knowledge as well as interest to teach or inspire students.Without a
modification of this class of unspirited teachers we can not dream of
our motherland INDIA producing scientists capable of winning noble
prize.

from:  vikas
Posted on: Dec 19, 2011 at 23:52 IST

We in India have been talking about educational reforms for ages. I have had the opportunity to converse about this with many University vice-chancellors when they came as speakers in public forums. When I asked them why they did not take steps to do this, they had shamelessly pleaded their inability to convince others. One v.c. said that the agenda for the Senate and Syndicate meetings have not changed for several decades, but did not explain why. Couple of them said that the public are not vociferous enough for them to change this. They travel all over the world at our expense, but do not put their experience into practice. The maximum they say is that the Govt does not agree to their proposals. Then why do they hold that post?

Where is the question of India being poor not to afford or encourage scientific research? Ours is a very rich country, but we people choose to remain poor. G.D.Naidu was poor, but did lot of research in many fields, engineering, botony, medicine, etc. How

from:  B.Gopalaswami
Posted on: Dec 19, 2011 at 08:53 IST

Excellent article!It is all about money for the buck! The reason why Indians fear failure is because we are still a very very poor country and more than 60% of people struggle to make a living & one mistake in our life can have great financial implications and we can lose our income and livelihood. Also, the scientific research done by our institutes is been used by Global corporations to take advantage and develop new products and make new break-throughs. Since poverty and economic necesseties are rampant, parents also advice children to take up courses which pay well & to drop pure scientific research if they do not pay well. Also, all centers of higher learning like IITs,IISc are glorified training centers meant to supply cheap & low cost , quality brain power for the west.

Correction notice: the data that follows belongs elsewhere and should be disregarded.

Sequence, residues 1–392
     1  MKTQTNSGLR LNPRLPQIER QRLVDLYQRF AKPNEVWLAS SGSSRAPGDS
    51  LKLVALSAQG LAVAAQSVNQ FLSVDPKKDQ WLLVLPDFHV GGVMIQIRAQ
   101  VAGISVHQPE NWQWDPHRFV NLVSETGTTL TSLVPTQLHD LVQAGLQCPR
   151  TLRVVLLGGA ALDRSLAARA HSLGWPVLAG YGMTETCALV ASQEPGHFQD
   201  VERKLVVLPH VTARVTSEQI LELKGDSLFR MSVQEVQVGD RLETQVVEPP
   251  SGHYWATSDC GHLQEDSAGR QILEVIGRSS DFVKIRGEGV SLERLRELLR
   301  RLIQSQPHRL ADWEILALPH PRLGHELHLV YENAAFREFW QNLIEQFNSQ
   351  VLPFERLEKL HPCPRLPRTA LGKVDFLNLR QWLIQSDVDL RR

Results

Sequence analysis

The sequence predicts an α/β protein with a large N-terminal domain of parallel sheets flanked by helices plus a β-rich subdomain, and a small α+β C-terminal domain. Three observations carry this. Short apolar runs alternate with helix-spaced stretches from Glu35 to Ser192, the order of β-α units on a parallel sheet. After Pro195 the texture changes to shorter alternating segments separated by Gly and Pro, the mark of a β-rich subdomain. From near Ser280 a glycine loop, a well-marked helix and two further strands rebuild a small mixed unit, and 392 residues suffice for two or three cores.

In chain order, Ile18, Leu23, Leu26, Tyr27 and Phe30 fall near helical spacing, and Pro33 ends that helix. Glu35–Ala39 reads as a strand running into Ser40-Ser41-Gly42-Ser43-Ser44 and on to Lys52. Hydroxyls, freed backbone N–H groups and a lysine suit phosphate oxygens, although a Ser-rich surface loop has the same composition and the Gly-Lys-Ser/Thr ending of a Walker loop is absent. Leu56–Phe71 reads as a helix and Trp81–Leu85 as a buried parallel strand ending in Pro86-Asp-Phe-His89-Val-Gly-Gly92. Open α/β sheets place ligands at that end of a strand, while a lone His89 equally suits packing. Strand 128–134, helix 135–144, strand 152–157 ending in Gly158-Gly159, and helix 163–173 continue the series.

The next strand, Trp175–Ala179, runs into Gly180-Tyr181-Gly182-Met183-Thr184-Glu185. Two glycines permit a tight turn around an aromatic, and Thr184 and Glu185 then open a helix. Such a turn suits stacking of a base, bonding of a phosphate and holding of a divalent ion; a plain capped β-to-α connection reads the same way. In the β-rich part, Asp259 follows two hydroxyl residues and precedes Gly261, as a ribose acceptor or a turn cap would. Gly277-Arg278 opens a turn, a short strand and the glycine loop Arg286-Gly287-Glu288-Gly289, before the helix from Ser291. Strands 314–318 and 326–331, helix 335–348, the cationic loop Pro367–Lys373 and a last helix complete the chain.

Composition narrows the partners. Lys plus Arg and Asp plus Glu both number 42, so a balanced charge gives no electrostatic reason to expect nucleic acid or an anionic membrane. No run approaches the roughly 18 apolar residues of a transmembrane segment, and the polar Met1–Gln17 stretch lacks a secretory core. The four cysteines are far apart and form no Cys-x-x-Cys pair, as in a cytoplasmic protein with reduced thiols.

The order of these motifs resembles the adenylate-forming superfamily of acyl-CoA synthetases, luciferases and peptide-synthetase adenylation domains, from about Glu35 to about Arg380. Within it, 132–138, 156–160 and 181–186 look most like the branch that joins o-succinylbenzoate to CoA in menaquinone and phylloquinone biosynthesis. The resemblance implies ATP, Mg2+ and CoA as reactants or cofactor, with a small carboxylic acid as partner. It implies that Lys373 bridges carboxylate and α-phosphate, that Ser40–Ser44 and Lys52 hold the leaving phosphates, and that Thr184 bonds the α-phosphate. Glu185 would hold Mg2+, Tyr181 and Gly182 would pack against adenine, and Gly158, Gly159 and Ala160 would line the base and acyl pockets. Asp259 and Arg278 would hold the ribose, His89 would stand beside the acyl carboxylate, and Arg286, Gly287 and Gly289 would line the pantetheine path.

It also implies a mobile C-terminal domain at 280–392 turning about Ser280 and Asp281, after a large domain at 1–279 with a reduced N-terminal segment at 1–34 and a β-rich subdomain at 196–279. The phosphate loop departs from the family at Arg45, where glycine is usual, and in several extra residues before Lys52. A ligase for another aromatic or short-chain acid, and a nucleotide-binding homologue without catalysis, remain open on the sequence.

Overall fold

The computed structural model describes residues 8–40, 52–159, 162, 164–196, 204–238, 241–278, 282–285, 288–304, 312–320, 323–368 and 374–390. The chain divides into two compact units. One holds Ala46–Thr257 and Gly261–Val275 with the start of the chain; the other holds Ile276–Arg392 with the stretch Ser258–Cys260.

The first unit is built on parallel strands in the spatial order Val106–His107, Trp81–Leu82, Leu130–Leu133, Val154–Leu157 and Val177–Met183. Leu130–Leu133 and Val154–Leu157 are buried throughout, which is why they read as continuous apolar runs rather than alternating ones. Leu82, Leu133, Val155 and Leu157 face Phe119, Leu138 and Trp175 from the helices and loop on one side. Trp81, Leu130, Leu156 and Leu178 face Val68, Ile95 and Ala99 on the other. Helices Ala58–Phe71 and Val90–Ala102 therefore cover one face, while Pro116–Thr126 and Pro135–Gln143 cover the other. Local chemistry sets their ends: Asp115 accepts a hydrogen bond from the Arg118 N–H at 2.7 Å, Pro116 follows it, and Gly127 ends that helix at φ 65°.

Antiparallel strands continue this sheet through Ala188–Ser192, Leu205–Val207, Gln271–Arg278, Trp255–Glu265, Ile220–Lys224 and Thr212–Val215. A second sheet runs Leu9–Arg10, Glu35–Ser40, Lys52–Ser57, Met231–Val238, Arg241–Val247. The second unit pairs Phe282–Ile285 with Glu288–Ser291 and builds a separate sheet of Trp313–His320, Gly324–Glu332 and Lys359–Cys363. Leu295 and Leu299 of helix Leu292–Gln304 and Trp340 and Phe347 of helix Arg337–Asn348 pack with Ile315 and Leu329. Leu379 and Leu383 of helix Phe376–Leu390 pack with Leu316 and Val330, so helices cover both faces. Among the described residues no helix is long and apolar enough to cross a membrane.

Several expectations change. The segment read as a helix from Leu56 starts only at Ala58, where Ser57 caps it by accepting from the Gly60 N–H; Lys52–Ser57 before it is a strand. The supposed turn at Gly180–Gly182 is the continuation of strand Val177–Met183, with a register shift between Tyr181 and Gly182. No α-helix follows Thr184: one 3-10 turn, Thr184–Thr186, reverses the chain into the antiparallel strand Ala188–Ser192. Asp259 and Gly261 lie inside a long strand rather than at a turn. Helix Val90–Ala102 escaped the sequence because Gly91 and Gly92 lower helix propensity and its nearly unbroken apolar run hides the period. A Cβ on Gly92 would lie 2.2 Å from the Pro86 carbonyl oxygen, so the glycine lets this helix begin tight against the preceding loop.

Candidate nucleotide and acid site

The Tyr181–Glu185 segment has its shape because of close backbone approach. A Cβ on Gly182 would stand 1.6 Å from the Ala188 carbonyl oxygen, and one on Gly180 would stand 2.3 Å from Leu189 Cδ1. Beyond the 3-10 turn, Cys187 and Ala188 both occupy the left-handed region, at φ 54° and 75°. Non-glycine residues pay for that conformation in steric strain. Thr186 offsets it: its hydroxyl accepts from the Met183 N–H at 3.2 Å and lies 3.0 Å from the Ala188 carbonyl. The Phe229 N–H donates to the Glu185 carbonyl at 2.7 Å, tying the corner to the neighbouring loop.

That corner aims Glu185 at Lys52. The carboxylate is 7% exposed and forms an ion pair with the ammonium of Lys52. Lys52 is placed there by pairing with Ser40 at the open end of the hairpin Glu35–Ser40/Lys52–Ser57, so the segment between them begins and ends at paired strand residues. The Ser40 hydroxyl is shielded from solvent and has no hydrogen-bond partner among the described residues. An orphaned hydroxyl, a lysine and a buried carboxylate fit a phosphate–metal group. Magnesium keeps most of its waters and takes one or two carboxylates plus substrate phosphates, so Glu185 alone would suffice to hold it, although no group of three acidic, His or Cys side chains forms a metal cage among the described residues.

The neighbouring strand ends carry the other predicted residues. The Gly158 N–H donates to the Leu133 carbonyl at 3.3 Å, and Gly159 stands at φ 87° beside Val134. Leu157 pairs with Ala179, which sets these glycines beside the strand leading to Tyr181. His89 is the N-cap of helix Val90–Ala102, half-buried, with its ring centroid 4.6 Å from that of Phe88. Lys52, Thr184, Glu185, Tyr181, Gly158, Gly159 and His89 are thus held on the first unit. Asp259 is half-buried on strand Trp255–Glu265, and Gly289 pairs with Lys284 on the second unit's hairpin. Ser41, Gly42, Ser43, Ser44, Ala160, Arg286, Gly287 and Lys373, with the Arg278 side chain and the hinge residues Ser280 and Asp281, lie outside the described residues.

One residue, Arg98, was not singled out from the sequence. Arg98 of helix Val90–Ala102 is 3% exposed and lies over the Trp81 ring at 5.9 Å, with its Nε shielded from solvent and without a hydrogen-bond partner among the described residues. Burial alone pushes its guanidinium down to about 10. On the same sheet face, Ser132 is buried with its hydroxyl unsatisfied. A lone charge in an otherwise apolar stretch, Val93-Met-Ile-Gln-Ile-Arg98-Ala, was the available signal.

from:  Jayaram
Posted on: Dec 17, 2011 at 00:13 IST

99.99% of the educated population is famous for Jugaad (The Hindu sometime back published an article on Indian Army procurement from US) then where comes the innovation?. Analysis through predictability is in the genes not the rational thinking.

from:  prasbad
Posted on: Dec 16, 2011 at 01:49 IST

The biggest hurdle in path of innovation is a materialistic society which emphasises success in terms of high salary packages. If u do good scientific work as a research-associate but earn only 6-7 thousand as stipend (less than a peon's salary) no one will respect you. Comparatively if you are marketing soap & oil but make 1 lakh salary anyone will be ready to marry his daughter to you. Sadly modern India is such a materialistic society which repects stock exchange gamblers more than research scientists.

from:  Shaleen Mathur
Posted on: Dec 15, 2011 at 14:17 IST

I find the article based on perceptions rather than facts, that Asian societies are collectivists, western societies are not and then says that Indians think first of themselves and then about country. How come that is collectivist, this is the highest form of individualism. And how come USSR a collectivist society produce great scientists. The author seems to share the same bias for asian societies as held by the West and pointed out by Edward Said.

from:  somitra
Posted on: Dec 15, 2011 at 12:04 IST